My name is Lovino Vargas. I am nineteen years old, and I make my home in Italy. I have a younger brother named Feliciano, who is eighteen. We have the same birthday, but I’m a year older. I have a twenty-three-year-old guardian named Antonio Carriedo, but I don’t associate with him much now that I’m older. I live with four of my college inmates: Kiku Honda, Ludwig and Gilbert Beilschmidt, and my brother Feliciano.
Of course, it was four. . .until she moved in with us.
_____ _____. A relatively quiet, docile girl. Ever since Alfred had dragged her to that mock world conference in June and introduced us all to her, she intrigued me. It was July now, and she had come here and stayed with us. She slept in her own room, but my stupid brother would oftentimes sneak into her bed and stay there with her for the night. Eventually, we all warmed up to her. She would sometimes go off to visit other people from our college (like Ivan Braginski and his sisters or those five weird guys from the Nordic countries), and she would always receive a warm welcome when she came back to our place. She came to know us better, and she knew everything about us.
That is, except for one important thing.
When I was four years old, I was diagnosed with bipolar disorder. The doctors said it was pretty bad and that it wouldn’t get any better with age. So far, they were right.
And it never really got to me until _____ came here. I would usually wind up yelling at her and making smart-ass remarks toward her. I didn’t mean most of the stuff that came out of my mouth; it just spilled out uncontrollably. But the weird thing was. . .she didn’t seem to mind much. She was far more patient than the others, and I was grateful for it--even though it never really seemed like it.
_____ woke up relatively early one morning, at around seven-thirty (she usually woke up late). She got out of bed and slipped on some acceptable clothing and walked downstairs, spotting Gilbert halfway down.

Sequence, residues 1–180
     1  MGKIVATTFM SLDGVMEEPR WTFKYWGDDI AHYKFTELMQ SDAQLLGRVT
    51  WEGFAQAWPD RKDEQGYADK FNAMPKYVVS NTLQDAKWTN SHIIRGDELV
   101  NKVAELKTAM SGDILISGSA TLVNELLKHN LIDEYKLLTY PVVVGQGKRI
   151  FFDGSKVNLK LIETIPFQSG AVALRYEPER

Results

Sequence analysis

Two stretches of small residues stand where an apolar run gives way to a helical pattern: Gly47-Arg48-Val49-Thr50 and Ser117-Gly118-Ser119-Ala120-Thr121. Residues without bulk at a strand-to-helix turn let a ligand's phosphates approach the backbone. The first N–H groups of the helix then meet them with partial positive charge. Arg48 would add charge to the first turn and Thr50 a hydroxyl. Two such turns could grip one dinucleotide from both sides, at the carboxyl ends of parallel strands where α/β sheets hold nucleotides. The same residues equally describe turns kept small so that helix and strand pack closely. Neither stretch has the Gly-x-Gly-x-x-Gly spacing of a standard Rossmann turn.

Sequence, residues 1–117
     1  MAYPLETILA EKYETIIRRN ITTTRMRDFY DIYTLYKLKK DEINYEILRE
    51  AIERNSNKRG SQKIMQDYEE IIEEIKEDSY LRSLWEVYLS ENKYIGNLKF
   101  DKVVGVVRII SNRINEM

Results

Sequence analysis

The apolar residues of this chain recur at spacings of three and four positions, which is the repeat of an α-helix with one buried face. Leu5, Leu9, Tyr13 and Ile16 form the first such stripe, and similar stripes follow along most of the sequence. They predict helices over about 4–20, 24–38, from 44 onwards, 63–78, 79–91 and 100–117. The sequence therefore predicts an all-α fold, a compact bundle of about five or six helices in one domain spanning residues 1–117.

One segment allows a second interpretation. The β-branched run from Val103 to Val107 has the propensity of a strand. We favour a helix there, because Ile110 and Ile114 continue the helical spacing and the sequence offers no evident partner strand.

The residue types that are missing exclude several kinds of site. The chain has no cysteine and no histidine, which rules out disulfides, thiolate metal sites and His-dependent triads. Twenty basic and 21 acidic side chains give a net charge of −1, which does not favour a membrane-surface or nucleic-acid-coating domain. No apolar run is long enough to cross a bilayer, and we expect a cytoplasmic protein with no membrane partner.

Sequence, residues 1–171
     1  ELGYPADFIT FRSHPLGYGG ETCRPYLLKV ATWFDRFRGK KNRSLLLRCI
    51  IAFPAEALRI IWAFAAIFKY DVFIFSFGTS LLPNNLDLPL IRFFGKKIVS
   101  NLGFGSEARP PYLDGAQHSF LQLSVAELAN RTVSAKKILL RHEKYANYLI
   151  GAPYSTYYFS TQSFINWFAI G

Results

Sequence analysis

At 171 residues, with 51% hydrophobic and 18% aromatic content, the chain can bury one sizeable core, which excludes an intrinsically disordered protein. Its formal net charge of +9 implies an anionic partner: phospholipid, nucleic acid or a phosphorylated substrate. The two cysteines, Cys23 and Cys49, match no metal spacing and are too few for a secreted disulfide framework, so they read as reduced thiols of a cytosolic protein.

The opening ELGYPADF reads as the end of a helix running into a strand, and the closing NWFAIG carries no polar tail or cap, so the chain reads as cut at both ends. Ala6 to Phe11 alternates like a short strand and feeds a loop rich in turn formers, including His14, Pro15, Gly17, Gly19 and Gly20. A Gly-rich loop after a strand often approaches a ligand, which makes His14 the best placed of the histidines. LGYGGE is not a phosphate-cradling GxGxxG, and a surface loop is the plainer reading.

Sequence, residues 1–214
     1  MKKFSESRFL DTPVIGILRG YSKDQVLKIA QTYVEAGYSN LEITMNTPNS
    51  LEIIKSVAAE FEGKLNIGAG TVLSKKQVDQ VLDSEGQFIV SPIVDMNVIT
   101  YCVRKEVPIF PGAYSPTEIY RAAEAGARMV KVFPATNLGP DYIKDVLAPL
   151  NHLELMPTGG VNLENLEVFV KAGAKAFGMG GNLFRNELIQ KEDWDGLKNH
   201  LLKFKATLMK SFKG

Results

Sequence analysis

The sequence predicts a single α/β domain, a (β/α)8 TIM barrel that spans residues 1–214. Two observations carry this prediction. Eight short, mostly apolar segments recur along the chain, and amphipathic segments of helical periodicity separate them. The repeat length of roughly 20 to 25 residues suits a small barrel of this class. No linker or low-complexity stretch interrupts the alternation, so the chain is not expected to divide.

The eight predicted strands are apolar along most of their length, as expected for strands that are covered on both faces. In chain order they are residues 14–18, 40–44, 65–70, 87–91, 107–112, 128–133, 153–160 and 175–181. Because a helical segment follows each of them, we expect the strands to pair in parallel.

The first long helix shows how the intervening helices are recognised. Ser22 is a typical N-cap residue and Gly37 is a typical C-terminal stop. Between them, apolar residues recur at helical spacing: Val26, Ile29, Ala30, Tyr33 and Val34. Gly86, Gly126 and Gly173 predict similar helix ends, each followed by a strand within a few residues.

“Morning, Gil,” she said as she reached the floor and crossed into the living room where he was.
“Guten morgen, Frau,” he replied with a tired smile. He squirmed a bit on the couch he was sprawled across so he could see _____ better.
“Why are you up so early?” she asked.
“Toni und Francis wanted me to go with them someplace.”
“You mean you don’t know where?”
He shook his head and let out a nasally, “Mm-mm.”
_____ rolled her eyes. “I’ll never understand you guys.” She turned and made her way to the kitchen, blinking in faint surprise when she saw Lovino sitting at the dining table with his chin in his hand. He was looking out the window, and there was something she noticed in that split-second she saw his expression: Loneliness. Sadness. Pain.
After that split-second, Lovino turned his head to look at _____, his face somewhat mirroring hers when he blinked as well. _____ cleared her throat. “Morning, Lovino,” she said.
Lovino relaxed slightly. “Buongiorno.”
She walked over to the stove to make something, but realized that Ludwig and Feliciano had beaten her to it when she saw the wurst and pasta set across the stove and counter. They must’ve cooked it before they went to train, she thought. She got out a plate and fixed herself some breakfast. “So, how’d you sleep?” she asked, apparently trying to make small-talk.
“The hell does it matter?” Lovino spurted out. Immediately after he said it he regretted it.
“I’ll take that as a ‘pretty good’,” remarked _____ as she sat down at the dining table beside Lovino.
Lovino blinked. He had been caught off-guard by her tone; it wasn’t sarcastic or rude like he’d expected (and so often received), but it was, in a way, understanding. He looked at her with furrowed brows. He had to tell her. He had to let her know why he acted the way he did, why he said these cruel things. “Ragazza?”